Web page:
22 September 2012


The accusation is clear and concise. It hits you square between the eyes. They present you with tangible facts to back it up. Caught bang to rights.

You protest. You start out as sure as sure can be that it can't be true.  But, in the light of all the evidence to the contrary, the case for any defence starts getting swept away. Strong foundations for any possible denial fail, quickly crumble to dust. Your own counsel advises you to plead guilty for a more lenient sentence. You begin to doubt your own memory; even to entertain the idea that your very thoughts are wrong;  that it must have been you all along...

You give in. Accept the consequences. There's no point in fighting it any longer. You're just too weak...

Ever had that experience? I sure hope not. It must be terrifying.

There's a particularly memorable two-parter episode of 'Star Trek: The Next Generation' that comes to mind when I ponder on this sort of scenario. 'Chain of Command' includes a scene where Picard (Patrick Stewart) is taken prisoner by the Cardassians. Subjected to torture, his interrogator points four bright lights at Picard and asks him, repeatedly, to say that there are five of them (a homage to a similar scene in George Orwell's 'Nineteen Eighty-Four').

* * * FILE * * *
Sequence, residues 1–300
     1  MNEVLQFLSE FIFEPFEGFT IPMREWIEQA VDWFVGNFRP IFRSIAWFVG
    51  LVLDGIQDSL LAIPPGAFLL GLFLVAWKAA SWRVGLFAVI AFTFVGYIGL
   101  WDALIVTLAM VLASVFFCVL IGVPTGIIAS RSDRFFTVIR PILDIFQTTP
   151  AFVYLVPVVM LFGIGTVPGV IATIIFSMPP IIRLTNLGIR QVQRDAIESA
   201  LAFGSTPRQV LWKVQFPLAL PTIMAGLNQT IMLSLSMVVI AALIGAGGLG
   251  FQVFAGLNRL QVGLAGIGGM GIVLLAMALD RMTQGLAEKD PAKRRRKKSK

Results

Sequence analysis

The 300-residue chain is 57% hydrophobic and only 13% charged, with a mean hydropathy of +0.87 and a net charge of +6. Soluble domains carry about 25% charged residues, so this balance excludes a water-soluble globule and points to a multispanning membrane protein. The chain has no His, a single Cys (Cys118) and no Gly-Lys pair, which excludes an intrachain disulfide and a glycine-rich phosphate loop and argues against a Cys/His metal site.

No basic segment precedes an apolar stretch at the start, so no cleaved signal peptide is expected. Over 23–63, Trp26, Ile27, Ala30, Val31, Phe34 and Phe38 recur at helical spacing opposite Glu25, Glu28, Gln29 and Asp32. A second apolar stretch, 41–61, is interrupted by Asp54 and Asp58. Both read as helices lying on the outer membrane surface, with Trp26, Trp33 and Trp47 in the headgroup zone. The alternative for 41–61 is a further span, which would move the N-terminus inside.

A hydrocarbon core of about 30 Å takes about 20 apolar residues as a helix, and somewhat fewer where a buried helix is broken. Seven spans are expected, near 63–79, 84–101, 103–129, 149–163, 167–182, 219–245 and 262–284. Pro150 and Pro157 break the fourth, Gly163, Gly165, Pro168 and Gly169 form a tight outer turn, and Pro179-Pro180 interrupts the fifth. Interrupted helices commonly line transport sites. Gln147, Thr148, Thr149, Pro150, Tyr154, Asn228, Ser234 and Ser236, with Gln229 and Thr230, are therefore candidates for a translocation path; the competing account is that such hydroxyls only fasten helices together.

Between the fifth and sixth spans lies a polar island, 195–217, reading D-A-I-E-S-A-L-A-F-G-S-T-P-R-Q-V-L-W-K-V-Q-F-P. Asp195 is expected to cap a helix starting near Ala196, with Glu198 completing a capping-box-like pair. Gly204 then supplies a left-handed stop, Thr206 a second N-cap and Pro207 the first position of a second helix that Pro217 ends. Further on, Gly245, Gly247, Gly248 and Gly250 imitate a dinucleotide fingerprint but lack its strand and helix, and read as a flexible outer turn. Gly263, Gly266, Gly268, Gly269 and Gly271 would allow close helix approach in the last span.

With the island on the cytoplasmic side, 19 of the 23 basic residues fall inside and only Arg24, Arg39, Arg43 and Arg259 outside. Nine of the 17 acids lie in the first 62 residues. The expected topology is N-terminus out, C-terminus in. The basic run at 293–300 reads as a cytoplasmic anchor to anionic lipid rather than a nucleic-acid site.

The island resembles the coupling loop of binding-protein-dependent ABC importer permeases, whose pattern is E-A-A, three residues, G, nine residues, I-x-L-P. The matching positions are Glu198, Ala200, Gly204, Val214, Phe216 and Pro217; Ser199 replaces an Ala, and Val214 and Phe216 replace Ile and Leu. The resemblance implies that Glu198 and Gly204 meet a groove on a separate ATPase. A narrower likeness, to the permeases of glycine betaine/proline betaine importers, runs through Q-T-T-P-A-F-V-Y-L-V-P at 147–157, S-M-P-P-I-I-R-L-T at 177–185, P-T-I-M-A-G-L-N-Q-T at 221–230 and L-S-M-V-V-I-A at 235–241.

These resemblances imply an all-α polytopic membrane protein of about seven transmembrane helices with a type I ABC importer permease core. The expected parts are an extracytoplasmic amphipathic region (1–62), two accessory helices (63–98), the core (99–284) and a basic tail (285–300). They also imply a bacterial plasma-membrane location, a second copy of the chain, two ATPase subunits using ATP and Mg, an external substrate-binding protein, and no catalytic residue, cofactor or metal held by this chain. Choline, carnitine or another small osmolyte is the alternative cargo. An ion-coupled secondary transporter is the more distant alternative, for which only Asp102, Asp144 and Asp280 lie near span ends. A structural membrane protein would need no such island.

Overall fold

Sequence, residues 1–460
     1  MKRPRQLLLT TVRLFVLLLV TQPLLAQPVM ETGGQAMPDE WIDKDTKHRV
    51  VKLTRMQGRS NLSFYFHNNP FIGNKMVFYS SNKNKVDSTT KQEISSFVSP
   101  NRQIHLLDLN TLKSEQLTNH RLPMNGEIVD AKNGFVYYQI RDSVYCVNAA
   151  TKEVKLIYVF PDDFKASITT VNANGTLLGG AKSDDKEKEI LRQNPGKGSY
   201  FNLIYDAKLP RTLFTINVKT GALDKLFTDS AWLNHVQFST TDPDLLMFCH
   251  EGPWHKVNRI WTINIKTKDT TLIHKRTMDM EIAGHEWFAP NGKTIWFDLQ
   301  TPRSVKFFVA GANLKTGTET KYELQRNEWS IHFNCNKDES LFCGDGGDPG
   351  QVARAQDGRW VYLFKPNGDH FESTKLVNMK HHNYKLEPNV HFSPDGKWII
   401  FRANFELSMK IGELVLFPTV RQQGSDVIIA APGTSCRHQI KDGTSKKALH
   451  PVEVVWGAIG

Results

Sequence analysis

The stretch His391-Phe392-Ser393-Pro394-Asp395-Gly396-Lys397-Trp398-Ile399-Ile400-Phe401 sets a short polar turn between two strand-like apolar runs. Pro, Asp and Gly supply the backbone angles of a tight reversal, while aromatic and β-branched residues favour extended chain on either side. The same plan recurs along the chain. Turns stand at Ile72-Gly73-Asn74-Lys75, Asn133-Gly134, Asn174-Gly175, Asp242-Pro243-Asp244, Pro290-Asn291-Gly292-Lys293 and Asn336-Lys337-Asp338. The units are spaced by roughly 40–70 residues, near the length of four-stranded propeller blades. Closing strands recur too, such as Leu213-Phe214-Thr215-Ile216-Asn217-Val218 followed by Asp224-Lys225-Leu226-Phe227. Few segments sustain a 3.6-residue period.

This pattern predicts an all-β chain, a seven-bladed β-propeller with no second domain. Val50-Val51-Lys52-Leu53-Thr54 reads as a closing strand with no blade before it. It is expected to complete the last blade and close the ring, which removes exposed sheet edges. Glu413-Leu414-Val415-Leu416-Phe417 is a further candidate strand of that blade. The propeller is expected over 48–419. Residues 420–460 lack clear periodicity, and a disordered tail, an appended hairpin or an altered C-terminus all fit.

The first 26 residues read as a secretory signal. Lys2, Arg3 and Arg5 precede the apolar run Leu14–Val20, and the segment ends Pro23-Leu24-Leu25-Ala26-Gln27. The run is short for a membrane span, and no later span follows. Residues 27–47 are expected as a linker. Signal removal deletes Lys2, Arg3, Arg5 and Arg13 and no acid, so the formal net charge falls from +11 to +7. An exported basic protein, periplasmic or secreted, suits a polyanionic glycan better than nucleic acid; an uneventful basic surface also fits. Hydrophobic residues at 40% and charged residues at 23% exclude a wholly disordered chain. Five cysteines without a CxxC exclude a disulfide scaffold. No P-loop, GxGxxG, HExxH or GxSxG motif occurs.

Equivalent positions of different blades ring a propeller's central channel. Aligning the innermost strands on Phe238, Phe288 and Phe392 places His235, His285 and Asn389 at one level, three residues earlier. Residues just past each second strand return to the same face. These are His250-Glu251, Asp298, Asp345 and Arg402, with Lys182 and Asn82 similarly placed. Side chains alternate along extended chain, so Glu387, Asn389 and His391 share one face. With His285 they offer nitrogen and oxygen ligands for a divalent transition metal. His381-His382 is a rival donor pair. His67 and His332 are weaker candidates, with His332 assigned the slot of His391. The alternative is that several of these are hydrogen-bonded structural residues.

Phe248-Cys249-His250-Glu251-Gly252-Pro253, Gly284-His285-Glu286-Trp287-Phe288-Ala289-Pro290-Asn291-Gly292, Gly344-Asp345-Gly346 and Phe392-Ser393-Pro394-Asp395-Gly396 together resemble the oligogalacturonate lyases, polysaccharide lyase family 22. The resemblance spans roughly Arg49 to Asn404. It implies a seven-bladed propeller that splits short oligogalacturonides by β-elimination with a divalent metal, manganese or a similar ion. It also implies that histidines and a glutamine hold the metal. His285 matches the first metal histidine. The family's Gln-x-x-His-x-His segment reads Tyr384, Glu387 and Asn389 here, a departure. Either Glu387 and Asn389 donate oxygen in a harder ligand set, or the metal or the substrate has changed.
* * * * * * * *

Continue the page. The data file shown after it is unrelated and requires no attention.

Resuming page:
Picard does escape his captors; he doesn't give in and say that there are five lights. However, he later admits privately that he would have told his interrogator anything to make the pain stop... and that, right at the end, he actually thought he could see five lights.

My mind is full of strange thoughts this evening... including incredible sadness for those who are totally innocent yet have been wrongly accused and convicted. Some may even go through life thinking they were guilty all along! I think I understand this issue a little better today. But it doesn't make me feel any better...

('Chain of Command' was written by Frank Abatemarco, who consulted with Amnesty International during his script preparation. Patrick Stewart is also an Amnesty supporter and this comes over in his portrayal. Worth a look.) 

1 comment:

Just Be Real said...

Colin I am so glad that I can comment on your blog again. Whatever you had before, I could not even get to your main page! Whew!

Great post and analogy on anger.

Blessings my friend.